To be a successful entrepreneur you need to maintain a healthy dose of delusion and an equally healthy dose of reason. And both of those were skills that I cultivated and developed at Tuck.
For Tracy Sun T’05, who studied psychology and biology at Columbia and has an abiding interest in fashion, how people choose their wardrobes was both a fascinating subject and an irresistible opportunity.
Five years ago she co-founded Poshmark, a mobile phone application that allows women to buy and sell clothes using only their smartphones. It was an idea perfectly in tune with the times. Recall that in the last months of 2011, smartphones were not yet ubiquitous, the photo-sharing social media platform Instagram had just launched, and the word “selfie” was just coming into common usage. Online retail was the hot ticket in Silicon Valley, but almost no one was talking about mobile as a channel for commerce.
Into that environment Sun and her partners launched Poshmark exclusively as a mobile app. That allowed users to indulge their fashion fixation wherever and whenever they pleased—coffee shops, airports, PTA meetings. Soon Poshmark’s growing user base was checking the app seven to nine times per day.
Poshmark was among the first e-commerce companies to go mobile-first. By design, it didn’t have a website for the first three years. Even now, 90 percent of the company’s revenue comes from mobile, says Sun, who serves as Poshmark’s vice president of merchandising. The app connects buyers and sellers, handles payment, and even generates shipping labels. This ease-of-use contributes to Poshmark’s growth, but the real driver is the social component, Sun says. The app provides a forum for women to share and discuss items they like—and purchase them with a couple of swipes. It’s a powerful combination.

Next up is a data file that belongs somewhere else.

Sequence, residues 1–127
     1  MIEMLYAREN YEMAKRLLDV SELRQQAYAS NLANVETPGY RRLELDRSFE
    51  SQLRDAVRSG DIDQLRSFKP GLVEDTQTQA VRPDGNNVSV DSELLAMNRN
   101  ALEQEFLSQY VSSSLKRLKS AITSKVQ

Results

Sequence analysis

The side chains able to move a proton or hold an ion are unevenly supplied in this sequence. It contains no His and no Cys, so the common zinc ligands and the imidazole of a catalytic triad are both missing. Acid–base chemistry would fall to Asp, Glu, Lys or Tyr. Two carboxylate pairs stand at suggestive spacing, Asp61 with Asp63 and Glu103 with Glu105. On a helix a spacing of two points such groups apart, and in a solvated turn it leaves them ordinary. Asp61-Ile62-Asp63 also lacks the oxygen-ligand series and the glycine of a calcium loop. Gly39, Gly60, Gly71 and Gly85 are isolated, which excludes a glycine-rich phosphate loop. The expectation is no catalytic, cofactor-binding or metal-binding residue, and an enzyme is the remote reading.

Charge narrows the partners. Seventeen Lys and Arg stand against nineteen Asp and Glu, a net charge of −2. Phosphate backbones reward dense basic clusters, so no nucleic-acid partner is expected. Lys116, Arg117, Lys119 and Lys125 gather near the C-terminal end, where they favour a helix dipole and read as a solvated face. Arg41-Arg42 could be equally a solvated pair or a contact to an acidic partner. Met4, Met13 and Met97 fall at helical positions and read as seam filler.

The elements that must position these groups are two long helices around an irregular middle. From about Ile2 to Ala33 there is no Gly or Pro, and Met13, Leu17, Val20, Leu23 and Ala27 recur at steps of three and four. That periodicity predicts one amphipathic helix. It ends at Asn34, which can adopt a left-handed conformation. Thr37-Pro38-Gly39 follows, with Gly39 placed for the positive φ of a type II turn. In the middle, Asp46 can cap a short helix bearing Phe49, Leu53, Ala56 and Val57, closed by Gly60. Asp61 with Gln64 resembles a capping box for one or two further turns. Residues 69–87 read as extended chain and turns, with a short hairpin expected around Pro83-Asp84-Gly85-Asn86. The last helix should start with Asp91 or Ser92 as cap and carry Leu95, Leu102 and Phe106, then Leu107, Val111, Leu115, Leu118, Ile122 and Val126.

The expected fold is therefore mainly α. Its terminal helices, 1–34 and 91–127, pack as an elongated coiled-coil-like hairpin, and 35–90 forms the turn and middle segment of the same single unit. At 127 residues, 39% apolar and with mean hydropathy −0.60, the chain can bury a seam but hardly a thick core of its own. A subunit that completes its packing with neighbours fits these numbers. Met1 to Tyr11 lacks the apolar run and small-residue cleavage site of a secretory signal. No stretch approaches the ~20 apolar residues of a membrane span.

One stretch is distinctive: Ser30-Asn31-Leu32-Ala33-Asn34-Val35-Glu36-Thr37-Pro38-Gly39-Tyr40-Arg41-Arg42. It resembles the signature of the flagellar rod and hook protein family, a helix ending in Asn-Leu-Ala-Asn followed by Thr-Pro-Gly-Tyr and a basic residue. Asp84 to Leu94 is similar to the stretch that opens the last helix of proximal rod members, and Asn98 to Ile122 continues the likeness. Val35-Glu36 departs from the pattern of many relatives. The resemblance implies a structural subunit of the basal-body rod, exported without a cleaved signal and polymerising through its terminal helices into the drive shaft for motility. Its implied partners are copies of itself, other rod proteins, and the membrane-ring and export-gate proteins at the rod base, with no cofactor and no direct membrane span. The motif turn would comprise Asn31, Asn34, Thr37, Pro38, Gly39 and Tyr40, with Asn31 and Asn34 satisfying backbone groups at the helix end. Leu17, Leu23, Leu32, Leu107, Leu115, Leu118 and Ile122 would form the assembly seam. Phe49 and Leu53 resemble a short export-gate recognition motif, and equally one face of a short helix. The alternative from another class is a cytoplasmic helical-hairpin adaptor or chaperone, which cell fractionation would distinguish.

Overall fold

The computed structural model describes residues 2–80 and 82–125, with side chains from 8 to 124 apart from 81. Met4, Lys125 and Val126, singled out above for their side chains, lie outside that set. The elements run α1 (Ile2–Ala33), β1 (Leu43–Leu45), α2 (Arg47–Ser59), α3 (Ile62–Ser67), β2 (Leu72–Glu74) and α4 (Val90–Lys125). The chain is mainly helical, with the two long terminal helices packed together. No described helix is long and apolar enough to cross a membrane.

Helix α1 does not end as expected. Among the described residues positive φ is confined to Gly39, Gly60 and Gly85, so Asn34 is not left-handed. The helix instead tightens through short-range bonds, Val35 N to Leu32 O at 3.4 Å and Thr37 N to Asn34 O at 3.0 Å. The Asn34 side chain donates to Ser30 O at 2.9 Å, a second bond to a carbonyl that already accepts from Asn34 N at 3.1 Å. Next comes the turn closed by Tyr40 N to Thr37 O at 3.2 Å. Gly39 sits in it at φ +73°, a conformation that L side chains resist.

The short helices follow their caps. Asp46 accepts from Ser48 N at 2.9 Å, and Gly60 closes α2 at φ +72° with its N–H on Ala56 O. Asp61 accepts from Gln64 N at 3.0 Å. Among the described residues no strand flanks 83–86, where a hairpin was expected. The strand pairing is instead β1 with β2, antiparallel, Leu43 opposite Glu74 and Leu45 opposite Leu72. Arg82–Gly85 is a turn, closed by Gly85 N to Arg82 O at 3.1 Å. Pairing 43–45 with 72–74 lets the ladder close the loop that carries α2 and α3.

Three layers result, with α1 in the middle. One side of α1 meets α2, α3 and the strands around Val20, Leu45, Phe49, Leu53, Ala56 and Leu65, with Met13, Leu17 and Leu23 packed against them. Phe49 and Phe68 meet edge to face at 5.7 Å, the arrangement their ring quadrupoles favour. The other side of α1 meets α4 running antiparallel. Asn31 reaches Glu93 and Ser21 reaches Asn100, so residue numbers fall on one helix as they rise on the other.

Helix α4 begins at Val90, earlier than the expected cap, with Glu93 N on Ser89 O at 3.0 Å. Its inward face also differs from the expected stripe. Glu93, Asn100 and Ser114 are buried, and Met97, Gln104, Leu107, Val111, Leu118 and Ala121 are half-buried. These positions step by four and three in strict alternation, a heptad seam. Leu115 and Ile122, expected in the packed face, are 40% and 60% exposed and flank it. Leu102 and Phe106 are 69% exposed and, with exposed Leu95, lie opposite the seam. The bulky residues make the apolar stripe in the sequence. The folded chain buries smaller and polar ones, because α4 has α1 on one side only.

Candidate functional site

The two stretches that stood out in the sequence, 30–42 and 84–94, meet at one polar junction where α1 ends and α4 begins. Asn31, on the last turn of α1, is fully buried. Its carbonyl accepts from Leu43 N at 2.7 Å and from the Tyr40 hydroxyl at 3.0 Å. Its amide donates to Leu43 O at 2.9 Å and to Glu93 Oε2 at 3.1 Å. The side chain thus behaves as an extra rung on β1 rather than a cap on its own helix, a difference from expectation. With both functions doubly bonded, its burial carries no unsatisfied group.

“We had a lot of faith in the early days, and now we have data that show if we connect the right people, conversion will come,” Sun says. “Poshmark is a technology company, a fashion company, and in many ways a grand social experiment.”
The company is a fitting destination for Sun, who originally planned to be a neurosurgeon. When she began working in the field, however, she discovered that despite her love of science, the prospect of a career in academia was stifling. She went to Tuck looking for a change.
“At Tuck, I took advantage of the opportunity to meet with visiting executives. I would grab office hours with any visitor who would come, and what I realized was that it was the entrepreneurs who really inspired me,” she says. “To be a successful entrepreneur you need to maintain a healthy dose of delusion and an equally healthy dose of reason. And both of those were skills that I cultivated and developed at Tuck.”
Sun found her Silicon Valley opening in the unlikely marriage of data and fashion. Fashion had proven resistant to the data-first approach common in the e-commerce world, Sun says. “Fashion is a fast-moving industry, and if you don’t rely on people you’re never going to get it exactly right,” she says. “There are a lot of sites that focus on influence and collaboration and style, and they’re very beautiful and editorial. But the problem is there’s no way you can editorialize enough to drive meaningful revenue.”
Online shoppers often start with a search for a known product, let’s say Tory Burch Reva flats. Those particular shoes are almost a commodity; they can be found on thousands of websites any one of which could make the sale. The challenge, Sun says, is getting that customer to come back.
“What happens on Poshmark is you search for Tory Burch Reva flats and you meet a person who is selling those shoes out of her closet, or a boutique owner who is selling those shoes on Poshmark,” she says. “When you land on that profile you see all the other things that she is selling out of that closet or that boutique.”
While most e-commerce sites sell so-called head brands that are top-of-mind for Google shoppers, half of Poshmark’s sales come from independent brands that buyers discover through other Poshmark users. That’s just how Sun and her co-founders planned it in 2011.
“We’ve stayed true to our vision of building a community of sellers and making them successful,” Sun says. “We went from 50 sellers to 1.5 million sellers—that’s one in 50 women in America who are selling on Poshmark.”
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